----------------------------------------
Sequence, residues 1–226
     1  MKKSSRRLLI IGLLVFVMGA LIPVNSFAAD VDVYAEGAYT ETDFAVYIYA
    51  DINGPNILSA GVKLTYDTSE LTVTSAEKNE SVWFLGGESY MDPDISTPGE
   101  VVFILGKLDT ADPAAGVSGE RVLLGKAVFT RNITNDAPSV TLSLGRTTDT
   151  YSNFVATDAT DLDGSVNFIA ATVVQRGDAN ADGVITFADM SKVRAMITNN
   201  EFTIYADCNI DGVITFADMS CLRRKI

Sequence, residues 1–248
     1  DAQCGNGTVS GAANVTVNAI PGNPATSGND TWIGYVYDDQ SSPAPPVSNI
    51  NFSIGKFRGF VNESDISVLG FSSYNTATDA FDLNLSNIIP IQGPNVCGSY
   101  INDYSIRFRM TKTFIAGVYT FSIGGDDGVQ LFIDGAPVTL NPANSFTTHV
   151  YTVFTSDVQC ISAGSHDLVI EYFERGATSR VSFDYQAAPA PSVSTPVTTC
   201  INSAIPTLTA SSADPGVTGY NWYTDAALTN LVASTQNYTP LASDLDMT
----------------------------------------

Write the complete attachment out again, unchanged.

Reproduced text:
Sequence, residues 1–226
     1  MKKSSRRLLI IGLLVFVMGA LIPVNSFAAD VDVYAEGAYT ETDFAVYIYA
    51  DINGPNILSA GVKLTYDTSE LTVTSAEKNE SVWFLGGESY MDPDISTPGE
   101  VVFILGKLDT ADPAAGVSGE RVLLGKAVFT RNITNDAPSV TLSLGRTTDT
   151  YSNFVATDAT DLDGSVNFIA ATVVQRGDAN ADGVITFADM SKVRAMITNN
   201  EFTIYADCNI DGVITFADMS CLRRKI

Sequence, residues 1–248
     1  DAQCGNGTVS GAANVTVNAI PGNPATSGND TWIGYVYDDQ SSPAPPVSNI
    51  NFSIGKFRGF VNESDISVLG FSSYNTATDA FDLNLSNIIP IQGPNVCGSY
   101  INDYSIRFRM TKTFIAGVYT FSIGGDDGVQ LFIDGAPVTL NPANSFTTHV
   151  YTVFTSDVQC ISAGSHDLVI EYFERGATSR VSFDYQAAPA PSVSTPVTTC
   201  INSAIPTLTA SSADPGVTGY NWYTDAALTN LVASTQNYTP LASDLDMT